Three Crew Jump Ship From Mobile Alabama Docked Carnival Fantasy

Carnival Fantasy Mobile Alabama
Carnival Fantasy Mobile Alabama
Three Crew From Carnival Fantasy Arrested
Three Crew From Carnival Fantasy Arrested

U.S. Customs and Border Protection (CBP)  reported on August 21, 2017, three crew members who had worked aboard a cruise ship have been apprehended.

A Cruise Bruise Investigation determined those crew members were from Carnival Cruise Lines’ cruise ship Carnival Fantasy.  The crew “jumped ship” while the ship was docked at the port of Mobile, Alabama. Carnival Fantasy was in port at Mobile, Alabama on June 8, 12, 22 and 26.

The three cruise ship crew from Indonesia, were arrested in Arkansas this past week,  after wandering around the U.S.  for the past two months. They now face federal charges and deportation.  Three other Indonesian workers who helped the three escape have already been deported.

As we wrote before on the Cruise Bruise main website, “U.S. Customs, says in one year, they caught 26 ship jumpers in America’s busiest port, New Orleans. That is 26 out of the thousands they say move invisibly into the nation each year. They say the gulf coast has always been the destination of choice for rogues, renegades and buccaneers. ”

Why are ship jumpers a serious issue? To abscond or desert a cruise ship is illegal for crew members.  Proper immigration procedures must be followed.

According to U.S. GAO – Maritime Security: Federal Agencies Have Taken Actions, a  January 14, 2011 letter written to Bennie G. Thompson, a Ranking Member Committee on Homeland House of Representatives, noted the following issues.

“The United States faces the challenge of balancing the need to secure  its borders to prevent the illegal entry of persons while also  facilitating legitimate trade and travel. In fiscal year 2009,  maritime crew–known as seafarers–made about 5 million entries into  U.S. ports on commercial cargo and cruise ship vessels. The overwhelming majority of the seafarers entering U.S. ports are  aliens. Because the U.S. government has no control over  foreign government seafarer credentialing practices, concerns have  been raised that extremists may fraudulently obtain seafarer  credentials as a way to gain entry into the United States or conduct  attacks against maritime vessels or port infrastructure. Although  there have been no reported terrorist attacks involving seafarers on  vessels transiting to U.S. seaports, the Department of Homeland  Security (DHS) considers the illegal entry of an alien through a U.S.  seaport by exploitation of maritime industry practices to be a key  concern.

Screening foreign seafarers to identify those who pose security  threats to the United States is a shared responsibility among federal  stakeholders. For example, overseas, State Department consular  officers screen seafarer applicants for non-immigrant visas–a  prerequisite to be eligible for a permit to depart the vessel and  enter the United States–and may deny a visa if, for example, they  determine that an applicant poses a potential security or immigration  risk. Within DHS, U.S. Customs and Border Protection  (CBP), the unified federal agency responsible for border security,  inspects all seafarers arriving from foreign waters to determine their  admissibility into the United States and prevent illegal immigration  at U.S. seaports. CBP obtains key support from the Coast Guard, the  lead federal agency responsible for a wide array of maritime safety  and security activities.”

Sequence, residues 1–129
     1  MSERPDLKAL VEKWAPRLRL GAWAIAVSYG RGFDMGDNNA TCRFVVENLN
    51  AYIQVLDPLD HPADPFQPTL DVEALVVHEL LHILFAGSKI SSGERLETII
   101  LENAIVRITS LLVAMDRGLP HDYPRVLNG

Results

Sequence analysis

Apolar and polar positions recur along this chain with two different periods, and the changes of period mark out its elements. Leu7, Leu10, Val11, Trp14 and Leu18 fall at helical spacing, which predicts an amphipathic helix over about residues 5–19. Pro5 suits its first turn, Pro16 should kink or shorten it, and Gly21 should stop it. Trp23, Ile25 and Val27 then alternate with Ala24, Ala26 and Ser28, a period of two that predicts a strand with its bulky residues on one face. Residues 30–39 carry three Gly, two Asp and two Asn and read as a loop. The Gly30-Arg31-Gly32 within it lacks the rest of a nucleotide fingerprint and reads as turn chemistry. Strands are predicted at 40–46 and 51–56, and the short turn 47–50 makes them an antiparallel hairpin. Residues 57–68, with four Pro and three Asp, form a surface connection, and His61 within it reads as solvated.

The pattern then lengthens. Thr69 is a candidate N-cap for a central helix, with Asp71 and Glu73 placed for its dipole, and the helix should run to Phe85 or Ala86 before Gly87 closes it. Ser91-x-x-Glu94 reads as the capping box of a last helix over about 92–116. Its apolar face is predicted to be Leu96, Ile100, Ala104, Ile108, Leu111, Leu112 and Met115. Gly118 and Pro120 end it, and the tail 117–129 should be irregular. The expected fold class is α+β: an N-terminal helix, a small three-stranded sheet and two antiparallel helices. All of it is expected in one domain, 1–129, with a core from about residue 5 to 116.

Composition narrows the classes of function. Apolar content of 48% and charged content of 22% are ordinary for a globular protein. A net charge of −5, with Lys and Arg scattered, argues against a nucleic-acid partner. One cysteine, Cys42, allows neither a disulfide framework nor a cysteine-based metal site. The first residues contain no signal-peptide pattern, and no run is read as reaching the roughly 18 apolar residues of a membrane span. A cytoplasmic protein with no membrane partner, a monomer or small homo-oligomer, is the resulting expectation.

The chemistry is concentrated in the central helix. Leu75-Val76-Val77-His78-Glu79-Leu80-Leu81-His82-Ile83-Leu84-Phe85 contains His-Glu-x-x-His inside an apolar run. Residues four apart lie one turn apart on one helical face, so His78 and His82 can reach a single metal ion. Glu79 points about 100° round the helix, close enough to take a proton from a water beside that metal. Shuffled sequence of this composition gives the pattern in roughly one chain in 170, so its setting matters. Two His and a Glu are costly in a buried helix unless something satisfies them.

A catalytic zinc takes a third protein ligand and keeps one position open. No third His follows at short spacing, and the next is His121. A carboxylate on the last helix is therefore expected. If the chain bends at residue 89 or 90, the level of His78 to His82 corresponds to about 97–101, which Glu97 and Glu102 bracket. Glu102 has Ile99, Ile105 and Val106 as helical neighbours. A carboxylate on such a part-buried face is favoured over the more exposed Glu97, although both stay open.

On a Typical Day in Fiscal Year 2016 – U.S. Customs and Border Protection


  • 1,069,266 passengers and pedestrians
    • 326,723 incoming international air passengers and crew
    • 53,786 passengers and crew on arriving ship/boat
    • 688,757 incoming land travelers
  • 282,350 incoming privately owned vehicles
  • 74,417 truck, rail, and sea containers
  • $6.3 billion worth of imported products


  • 1140  apprehensions between U.S. ports of entry
  • 22 arrests of wanted criminals at U.S. ports of entry
  • 752 refusals of inadmissible persons at U.S. ports of entry


  • 404 pests at U.S. ports of entry and 4,638 materials for quarantine: plant, meat, animal byproduct, and soil


  • 7,910 pounds of drugs
  • $289,609 in undeclared or illicit currency
  • $3.8 million worth of products with Intellectual Property Rights violations


  • 877 individuals with suspected national security concerns


  • 20 fraudulent documents

Article Resources:

Video: Carnival Dream Crew Cabin